There are times when clear, effective communication can make the difference between life and possible disaster.
Such was the case during a steady afternoon shift on May 27 when Tim Johns, a dispatcher for the Mentor Safety Forces Communications Unit, received a call from a frantic mother whose infant son had stopped breathing.
Seconds after receiving the emergency call at approximately 8:25 p.m. Johns’ extensive professional training and skills kicked into high gear.
As soon as he collected the necessary information, dispatched first responders and alerted fellow staffers to contact related safety forces, Johns directed the worried woman on how to administer CPR and chest compressions.
“The mom was frantic but she did a great job…,” he recalled. “When I gave her the instructions to give mouth-to-mouth I could hear the breaths going in…she was counting with me. I knew right away that she was following the directives. She was definitely engaged.”
Welcome news arrived about three minutes into the call and a minute prior to the arrival of first responders when the mother informed Johns she had observed her son move.
Further evidence that the child was rallying came while the dispatcher was in radio contact with medical personnel en route to the hospital and he heard an update that the child was crying.
Afterward, relieved that the outcome of the stressful situation appeared to be positive, Johns allowed himself to take a few deep breaths and down a bottle of Gatorade.
“That call will be with me forever,” he said while reflecting on the incident.
As the father of three children ages 7, 5 and 18 months, Johns said that hugging them the following morning was a little more special.
Mentor Fire Chief Robert Searles recently recognized Johns for his outstanding effort with a letter of commendation. Mentor Police Captain James Valley added further reflection in an email.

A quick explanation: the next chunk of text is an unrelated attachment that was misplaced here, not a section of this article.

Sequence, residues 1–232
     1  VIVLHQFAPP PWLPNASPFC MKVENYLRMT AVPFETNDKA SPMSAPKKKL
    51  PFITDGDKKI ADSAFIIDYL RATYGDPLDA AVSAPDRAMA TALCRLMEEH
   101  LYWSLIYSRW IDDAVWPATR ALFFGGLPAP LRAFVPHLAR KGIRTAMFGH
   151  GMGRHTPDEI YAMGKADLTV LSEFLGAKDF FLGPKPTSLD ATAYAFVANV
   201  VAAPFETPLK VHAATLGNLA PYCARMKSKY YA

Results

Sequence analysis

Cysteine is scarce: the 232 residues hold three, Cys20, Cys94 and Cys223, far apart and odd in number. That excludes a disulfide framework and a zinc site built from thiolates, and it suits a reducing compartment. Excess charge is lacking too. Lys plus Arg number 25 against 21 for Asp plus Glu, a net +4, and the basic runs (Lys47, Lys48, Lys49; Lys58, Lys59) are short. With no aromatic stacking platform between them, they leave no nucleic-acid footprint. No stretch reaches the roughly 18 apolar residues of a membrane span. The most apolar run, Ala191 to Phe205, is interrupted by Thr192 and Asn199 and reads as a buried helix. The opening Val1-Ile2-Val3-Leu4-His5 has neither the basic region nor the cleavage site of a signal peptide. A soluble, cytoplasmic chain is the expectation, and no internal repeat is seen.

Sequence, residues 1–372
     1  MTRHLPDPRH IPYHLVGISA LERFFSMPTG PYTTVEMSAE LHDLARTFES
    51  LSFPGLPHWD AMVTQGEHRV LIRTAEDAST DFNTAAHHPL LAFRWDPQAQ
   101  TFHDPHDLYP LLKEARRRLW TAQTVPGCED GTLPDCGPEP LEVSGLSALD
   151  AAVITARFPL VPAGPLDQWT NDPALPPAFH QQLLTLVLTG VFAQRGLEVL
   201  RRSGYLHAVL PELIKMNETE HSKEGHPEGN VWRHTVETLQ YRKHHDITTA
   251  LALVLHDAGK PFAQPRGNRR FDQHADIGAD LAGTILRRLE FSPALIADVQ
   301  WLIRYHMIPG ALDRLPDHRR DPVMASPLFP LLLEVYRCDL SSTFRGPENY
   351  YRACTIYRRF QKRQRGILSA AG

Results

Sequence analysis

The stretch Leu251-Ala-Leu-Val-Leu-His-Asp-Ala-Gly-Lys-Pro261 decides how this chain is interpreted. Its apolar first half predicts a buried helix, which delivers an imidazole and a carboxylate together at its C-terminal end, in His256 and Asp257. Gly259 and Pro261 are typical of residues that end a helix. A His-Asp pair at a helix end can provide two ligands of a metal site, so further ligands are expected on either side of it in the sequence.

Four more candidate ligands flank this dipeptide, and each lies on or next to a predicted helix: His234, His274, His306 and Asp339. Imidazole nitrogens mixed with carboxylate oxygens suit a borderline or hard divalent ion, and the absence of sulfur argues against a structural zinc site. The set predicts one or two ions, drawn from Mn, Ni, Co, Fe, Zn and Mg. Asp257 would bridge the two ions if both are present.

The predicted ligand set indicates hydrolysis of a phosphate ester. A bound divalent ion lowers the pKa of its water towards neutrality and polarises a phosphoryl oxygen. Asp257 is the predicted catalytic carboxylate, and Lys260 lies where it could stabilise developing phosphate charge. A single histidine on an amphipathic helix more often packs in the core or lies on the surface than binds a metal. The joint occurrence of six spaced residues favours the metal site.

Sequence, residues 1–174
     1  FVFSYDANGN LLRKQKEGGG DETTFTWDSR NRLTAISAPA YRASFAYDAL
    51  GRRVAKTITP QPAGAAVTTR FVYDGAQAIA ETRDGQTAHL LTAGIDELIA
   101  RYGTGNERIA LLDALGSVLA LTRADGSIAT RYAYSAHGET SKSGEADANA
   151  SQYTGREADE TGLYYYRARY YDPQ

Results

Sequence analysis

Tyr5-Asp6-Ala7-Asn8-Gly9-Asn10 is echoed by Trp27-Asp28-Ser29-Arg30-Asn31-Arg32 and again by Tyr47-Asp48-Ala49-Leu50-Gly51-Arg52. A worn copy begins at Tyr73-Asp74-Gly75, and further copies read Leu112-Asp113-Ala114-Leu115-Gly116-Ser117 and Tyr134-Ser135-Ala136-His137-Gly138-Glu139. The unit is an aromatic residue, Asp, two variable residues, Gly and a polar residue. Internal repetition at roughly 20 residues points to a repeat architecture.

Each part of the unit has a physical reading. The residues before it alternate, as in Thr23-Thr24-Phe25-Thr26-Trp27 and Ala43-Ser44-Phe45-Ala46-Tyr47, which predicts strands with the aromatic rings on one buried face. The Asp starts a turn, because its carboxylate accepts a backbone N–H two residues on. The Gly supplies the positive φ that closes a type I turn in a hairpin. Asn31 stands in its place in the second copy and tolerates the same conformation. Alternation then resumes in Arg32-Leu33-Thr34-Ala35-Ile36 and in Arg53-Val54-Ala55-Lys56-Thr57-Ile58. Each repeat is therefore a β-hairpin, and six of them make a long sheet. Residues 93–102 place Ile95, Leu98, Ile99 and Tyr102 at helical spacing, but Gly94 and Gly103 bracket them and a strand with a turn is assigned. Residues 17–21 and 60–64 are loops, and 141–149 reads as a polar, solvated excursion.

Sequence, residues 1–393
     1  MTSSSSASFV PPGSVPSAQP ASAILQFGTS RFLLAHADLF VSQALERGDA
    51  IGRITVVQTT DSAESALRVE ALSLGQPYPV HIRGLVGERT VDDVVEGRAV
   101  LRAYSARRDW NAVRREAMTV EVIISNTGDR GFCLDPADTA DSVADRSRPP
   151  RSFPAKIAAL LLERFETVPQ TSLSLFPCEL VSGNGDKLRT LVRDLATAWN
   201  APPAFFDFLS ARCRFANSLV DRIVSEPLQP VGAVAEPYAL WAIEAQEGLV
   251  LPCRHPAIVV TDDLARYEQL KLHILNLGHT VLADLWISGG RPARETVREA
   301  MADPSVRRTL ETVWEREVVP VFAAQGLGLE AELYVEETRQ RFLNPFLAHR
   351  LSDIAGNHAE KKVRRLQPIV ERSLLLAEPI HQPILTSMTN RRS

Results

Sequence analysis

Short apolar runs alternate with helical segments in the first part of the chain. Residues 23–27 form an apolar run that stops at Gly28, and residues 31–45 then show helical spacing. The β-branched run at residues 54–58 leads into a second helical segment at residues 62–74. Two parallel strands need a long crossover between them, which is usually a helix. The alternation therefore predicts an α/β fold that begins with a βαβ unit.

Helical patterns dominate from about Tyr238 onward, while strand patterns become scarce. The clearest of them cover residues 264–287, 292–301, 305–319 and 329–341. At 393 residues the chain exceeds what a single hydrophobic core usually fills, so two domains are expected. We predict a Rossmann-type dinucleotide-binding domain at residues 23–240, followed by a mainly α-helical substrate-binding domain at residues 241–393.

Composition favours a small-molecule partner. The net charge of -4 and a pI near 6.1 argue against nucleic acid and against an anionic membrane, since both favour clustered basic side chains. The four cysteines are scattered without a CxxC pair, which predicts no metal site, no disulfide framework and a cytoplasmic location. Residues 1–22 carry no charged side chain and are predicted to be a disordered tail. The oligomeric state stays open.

“The two most important things that should happen in this situation were that first responders were dispatched quickly and life-saving instructions are clearly communicated to the caller to provide CPR,” Valley said. “Through Tim’s actions and teamwork, he accomplished both very well. Tim’s ability to maintain his composure under stress, think and act quickly, and communicate clearly was exceptional.”
Although the gamut of calls to the communications unit can extend from a lost dog to life and death situations dispatchers must be prepared for every scenario at all times.
“It could be completely quiet at the dispatch center and then a ladder could fall onto the freeway. It could get very busy, very fast…anything could happen at the drop of a dime,” Johns said, adding that “I do like to remain calm under pressure. That’s the one thing when I tried dispatching I knew I would be good at.”
Coupled with the Mentor resident’s unflappable demeanor is his desire to assist others.
Part of John’s off-duty time is spent doing volunteer work at St. John Vianney Church in Mentor, where his uncle the Rev. Tom Johns serves as pastor.
Johns said the work of the communications unit is largely a team effort and that he’s appreciative of his fellow workers’ assistance.
“We’re all trained the same and we’re all able to handle situations,” he said, adding that “(dispatching) is definitely a rewarding job…being able to help and support people is a very important thing for me.”